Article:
PokerStars players support AIDS research

Tournament qualifiers hit Vienna's Lifeball in style

Life itself is a celebration for some people.

For three decades, the world has struggled to cope with the worldwide AIDS epidemic. At one time, even a mention of the disease would result in little more than quiet whispers. Today, most people have recognized that the fight against AIDS is not one to be faced with individual shame, but rather in concert with the world.

There have been many efforts to raise money for AIDS research, but none are as lavish and colorful as the Lifeball in Vienna, Austria.

This year, PokerStars sponsored the gala event by donating $100,000 and hosting a series of charity tournaments for its players. The winners of some of those tournaments got free tickets to the biggest AIDS charity ball in the world.

Complete with a extraordinary fashion show, concert, and a celebrity poker tournament, the 2007 Lifeball was more than a sight to behold. It was a visceral experience for the PokerStars winners.

"We had never seen a spectacle such as this before--fantastic colorful costumes, kind and fun people. It was astounding!" said charity tournament qualifier Andrea Wirth.

The multi-colored crowd at the 2007 Lifeball

Poker game at 2007 Lifeball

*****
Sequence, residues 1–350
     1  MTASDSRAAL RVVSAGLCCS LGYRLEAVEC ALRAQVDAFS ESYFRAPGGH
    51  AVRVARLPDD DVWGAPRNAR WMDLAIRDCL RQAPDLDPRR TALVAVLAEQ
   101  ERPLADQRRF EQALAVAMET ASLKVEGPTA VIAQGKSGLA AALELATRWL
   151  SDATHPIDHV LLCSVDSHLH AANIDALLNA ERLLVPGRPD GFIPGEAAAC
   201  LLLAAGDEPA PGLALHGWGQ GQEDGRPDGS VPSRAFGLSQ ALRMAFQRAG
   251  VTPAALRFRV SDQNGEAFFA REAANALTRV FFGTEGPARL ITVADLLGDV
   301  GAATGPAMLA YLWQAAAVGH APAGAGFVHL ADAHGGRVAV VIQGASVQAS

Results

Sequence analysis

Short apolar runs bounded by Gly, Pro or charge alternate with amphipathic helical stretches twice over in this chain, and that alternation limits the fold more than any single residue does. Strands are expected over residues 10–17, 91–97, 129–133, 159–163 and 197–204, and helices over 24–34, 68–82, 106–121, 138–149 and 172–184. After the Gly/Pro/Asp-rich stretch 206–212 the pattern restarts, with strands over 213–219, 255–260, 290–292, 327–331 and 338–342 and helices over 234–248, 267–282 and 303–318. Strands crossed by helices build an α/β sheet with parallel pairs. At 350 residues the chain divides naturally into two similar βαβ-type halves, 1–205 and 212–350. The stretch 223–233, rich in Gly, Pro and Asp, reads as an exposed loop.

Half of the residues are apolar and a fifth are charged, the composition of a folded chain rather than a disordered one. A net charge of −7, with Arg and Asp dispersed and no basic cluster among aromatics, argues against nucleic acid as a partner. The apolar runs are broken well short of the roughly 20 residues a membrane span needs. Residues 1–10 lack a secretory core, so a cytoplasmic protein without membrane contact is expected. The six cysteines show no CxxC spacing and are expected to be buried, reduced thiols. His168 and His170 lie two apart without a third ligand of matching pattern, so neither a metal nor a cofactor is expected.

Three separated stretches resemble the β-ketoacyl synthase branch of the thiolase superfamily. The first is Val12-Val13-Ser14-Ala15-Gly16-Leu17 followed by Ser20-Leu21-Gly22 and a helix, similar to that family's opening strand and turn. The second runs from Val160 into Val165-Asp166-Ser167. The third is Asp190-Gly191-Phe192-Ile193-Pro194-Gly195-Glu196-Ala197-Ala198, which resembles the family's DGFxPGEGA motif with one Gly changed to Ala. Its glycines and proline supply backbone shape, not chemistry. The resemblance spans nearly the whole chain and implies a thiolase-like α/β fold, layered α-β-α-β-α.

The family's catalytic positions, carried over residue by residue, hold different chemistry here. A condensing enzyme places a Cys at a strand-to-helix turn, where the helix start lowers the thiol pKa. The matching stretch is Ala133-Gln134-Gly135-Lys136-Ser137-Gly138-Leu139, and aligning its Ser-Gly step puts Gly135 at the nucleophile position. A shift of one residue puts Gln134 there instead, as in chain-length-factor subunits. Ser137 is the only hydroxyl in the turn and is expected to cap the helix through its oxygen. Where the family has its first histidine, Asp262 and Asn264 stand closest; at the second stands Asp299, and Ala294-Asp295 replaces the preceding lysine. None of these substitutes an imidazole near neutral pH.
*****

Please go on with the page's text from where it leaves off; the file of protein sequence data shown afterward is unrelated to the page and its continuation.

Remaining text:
Justin Green, a 31-year-old one-time accountant, also won his trip in one of the charity tournaments. While carousing around the Lifeball, he met a number of celebrities, including Jenna Jameson, Lance Bass, and Marcel Luske.

Justin Green in a surreal celebrity moment

Celebrity aside, Green was able to look past it all to recognize the importance of the event.

Green said, "At first, I felt that PokerStars involvement with the LifeBall was somewhat of an odd-couple mixture, but the fact that poker has exploded in popularity around the world allows PokerStars to take advantage of that popularity by donating to a very noble cause in the fight for a cure for a disease that can affect virtually anyone, anywhere."

Concert at Lifeball 2007

Supernova Tom Richter, a 23-year-old poker pro took his wife Sophie with him. He said, "The event was amazing, and we have never seen anything like it. We enjoyed the show and partied till 4 am. The PokerStars lounge had a great atmosphere and was super stylish.

"I think that the Life Ball with its tenure of 15 years has found acceptance with all areas of the community and internationally. This was recognizable in the strong presence of international people during the event. Taking this into consideration, PokerStars has found a strong charity partner to work with."

Tom Richter in Vienna

Tournament winner Dieter Schroder, a 36-year-old network planner for Versatel, agreed. He said, "Since the subject of AIDS has been pushed back in the recent past it is great that PokerStars have committed themselves to this project."

Brad Willis
@BradWillis in